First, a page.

During my experience actually negotiating with senior counterparts from the Islamic Republic, I saw first-hand how my Iranian interlocutors were able to negotiate productively, deliver on specific commitments, and make concessions and calculate trade-offs across a range of issues. In this regard, recent statements by Kenneth Timmerman on C-Span’s Washington Journal that my husband, Flynt Leverett, and I have been spreading “lies” about Iran’s substantial cooperation with post-9/11 American efforts in Afghanistan are beneath contempt. Mr. Timmerman was not in government, and does not know what he is talking about. I was one of very few U.S. officials authorized to deal directly with Iranian officials regarding Afghanistan–Timmerman’s neoconservative friends at the Pentagon were deliberately kept out of those discussions–and I saw what the Iranians did to help us in Afghanistan. ~Hillary Mann Leverett
Leverett is responding here to Jeffrey Goldberg’s supposedly damning revelations that she has changed her views on the value of engaging Iran. There are a few things to say here. One is that Goldberg is resorting to the same kind of attack that was directing against Trita Parsi and NIAC late last year, and he is employing the same kind of tactic that proponents of invading Iraq used against skeptics in 2002-03, which was to denounce war opponents as “pro-Saddam” or “apologists for despotism.” What also occurs to me is that Mrs. Leverett’s own career provides an interesting example of how direct contact and engagement with actual Iranian officials regarding matters of common interest caused her to change her mind about the prospects for diplomatic engagement. Sometimes I think there is so much resistance to significant, sustained engagement with Iran because it would become much harder to support the idea that engagement is a dead end once enough American officials discovered that their counterparts were capable of negotiating and brokering deals that serve the interests of both governments.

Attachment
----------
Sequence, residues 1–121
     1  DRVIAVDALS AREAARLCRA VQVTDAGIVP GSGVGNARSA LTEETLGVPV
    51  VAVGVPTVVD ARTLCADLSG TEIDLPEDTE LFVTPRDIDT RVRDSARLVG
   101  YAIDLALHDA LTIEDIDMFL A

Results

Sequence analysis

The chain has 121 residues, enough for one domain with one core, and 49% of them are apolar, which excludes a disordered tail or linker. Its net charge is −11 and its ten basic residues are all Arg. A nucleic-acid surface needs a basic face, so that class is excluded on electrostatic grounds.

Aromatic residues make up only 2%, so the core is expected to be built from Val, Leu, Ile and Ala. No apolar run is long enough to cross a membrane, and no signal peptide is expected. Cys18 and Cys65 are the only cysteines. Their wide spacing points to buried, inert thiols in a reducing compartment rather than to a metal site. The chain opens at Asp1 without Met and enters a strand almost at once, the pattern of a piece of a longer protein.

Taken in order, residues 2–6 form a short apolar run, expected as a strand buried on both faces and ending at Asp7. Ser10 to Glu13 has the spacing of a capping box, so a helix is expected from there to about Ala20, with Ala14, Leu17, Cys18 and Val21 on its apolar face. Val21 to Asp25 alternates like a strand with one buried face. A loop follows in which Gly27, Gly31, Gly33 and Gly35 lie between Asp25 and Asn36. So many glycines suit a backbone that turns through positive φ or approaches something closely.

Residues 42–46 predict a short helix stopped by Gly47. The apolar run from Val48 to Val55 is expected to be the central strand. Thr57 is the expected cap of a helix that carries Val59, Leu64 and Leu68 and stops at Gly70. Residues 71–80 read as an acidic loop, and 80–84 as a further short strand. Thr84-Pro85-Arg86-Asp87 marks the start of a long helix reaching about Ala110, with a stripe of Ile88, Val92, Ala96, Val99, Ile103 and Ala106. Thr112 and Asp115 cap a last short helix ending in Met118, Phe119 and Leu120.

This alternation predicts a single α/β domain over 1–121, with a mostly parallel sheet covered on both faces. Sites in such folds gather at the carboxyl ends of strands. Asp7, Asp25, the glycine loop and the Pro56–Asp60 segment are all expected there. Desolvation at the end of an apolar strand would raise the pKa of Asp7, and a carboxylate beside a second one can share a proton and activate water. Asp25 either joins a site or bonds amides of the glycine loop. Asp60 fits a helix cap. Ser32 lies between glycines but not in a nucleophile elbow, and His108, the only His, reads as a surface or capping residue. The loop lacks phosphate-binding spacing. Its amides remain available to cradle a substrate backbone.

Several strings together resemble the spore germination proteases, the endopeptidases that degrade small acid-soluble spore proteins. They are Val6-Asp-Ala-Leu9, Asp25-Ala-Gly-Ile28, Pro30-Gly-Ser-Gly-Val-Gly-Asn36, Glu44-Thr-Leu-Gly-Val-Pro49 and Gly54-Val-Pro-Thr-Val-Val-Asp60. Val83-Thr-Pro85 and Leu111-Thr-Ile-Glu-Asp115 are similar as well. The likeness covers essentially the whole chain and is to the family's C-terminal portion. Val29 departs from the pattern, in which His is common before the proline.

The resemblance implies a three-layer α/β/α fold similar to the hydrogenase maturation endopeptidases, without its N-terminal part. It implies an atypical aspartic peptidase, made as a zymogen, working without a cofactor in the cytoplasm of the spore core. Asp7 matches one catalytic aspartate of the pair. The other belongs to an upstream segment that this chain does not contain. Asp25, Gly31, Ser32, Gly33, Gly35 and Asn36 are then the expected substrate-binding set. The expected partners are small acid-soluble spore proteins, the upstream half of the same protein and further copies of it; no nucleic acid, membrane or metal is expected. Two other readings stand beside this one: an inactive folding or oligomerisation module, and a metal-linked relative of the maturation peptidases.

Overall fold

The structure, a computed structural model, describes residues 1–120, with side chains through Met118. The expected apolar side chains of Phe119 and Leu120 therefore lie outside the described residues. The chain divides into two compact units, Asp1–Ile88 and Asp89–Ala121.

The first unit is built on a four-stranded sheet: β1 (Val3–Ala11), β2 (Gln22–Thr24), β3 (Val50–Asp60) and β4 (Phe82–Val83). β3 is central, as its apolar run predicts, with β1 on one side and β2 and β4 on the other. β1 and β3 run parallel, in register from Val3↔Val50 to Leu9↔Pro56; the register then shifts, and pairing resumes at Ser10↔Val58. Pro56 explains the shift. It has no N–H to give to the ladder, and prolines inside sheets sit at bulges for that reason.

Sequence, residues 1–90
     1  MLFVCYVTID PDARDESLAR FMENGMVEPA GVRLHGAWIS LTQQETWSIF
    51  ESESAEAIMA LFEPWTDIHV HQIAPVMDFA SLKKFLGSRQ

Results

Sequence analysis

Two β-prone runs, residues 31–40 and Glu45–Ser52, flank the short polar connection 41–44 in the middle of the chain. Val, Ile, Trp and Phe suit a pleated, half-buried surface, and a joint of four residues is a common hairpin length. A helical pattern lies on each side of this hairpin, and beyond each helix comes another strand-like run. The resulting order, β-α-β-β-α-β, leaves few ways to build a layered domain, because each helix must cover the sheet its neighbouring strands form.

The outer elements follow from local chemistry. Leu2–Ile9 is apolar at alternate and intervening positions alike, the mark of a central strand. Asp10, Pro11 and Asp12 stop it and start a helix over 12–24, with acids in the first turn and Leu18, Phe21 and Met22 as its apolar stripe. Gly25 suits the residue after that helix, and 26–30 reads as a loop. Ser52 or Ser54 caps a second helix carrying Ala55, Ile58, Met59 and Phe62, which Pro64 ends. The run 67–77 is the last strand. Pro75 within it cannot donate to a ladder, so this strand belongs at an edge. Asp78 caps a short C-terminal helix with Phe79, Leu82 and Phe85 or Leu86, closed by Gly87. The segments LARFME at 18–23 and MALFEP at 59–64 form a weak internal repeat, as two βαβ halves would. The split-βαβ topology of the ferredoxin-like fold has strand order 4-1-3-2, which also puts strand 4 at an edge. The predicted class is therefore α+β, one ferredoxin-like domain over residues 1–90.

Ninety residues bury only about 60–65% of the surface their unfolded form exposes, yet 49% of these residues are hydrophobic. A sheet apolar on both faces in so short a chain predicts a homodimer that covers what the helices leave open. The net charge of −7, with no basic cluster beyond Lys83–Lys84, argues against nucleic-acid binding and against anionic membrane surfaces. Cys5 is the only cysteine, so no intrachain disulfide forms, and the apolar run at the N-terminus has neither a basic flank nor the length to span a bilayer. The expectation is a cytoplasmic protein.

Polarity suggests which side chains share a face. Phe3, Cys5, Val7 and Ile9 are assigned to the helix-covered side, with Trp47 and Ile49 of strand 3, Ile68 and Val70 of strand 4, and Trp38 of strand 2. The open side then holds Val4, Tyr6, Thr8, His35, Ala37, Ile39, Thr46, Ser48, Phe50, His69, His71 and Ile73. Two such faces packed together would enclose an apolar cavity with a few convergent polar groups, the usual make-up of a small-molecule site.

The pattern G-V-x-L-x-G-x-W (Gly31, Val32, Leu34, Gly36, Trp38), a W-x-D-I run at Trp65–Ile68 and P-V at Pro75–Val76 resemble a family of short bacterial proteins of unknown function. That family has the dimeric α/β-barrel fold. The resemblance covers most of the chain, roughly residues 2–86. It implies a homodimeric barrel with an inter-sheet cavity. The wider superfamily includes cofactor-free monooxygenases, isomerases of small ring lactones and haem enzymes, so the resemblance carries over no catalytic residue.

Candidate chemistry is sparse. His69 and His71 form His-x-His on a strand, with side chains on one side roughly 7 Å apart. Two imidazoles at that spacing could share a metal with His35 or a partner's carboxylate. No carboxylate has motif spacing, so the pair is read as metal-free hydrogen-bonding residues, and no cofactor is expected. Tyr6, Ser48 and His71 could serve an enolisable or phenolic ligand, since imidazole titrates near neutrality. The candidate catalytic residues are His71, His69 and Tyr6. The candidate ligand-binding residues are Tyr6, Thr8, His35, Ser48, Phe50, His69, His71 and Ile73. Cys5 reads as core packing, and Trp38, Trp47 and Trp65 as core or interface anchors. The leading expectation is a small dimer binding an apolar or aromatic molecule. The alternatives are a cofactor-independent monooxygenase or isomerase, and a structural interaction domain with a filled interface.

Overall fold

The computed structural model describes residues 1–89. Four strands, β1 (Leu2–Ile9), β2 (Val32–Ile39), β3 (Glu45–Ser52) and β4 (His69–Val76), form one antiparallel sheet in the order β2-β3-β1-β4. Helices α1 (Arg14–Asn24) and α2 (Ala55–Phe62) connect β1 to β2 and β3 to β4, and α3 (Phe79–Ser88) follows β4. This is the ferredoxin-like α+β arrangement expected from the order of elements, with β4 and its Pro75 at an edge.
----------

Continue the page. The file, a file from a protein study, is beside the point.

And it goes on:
Timmerman’s insult is worse than Leverett allows here, because it is hardly a state secret that Iran was helpful in aiding our fight against the Taliban in 2001-02. However, it is one of those inconvenient facts that does get lost over the years. I distinctly remember The Economist reporting that Iran had agreed to help American pilots in their territory in the event that they crashed there, which the magazine report mentioned as one of several examples of Iranian cooperation during the initial stage of the Afghan war. I also recall The Economist article remarking on how this foundation of cooperation had fallen apart once Mr. Bush denounced Iran as part of the “axis of evil.”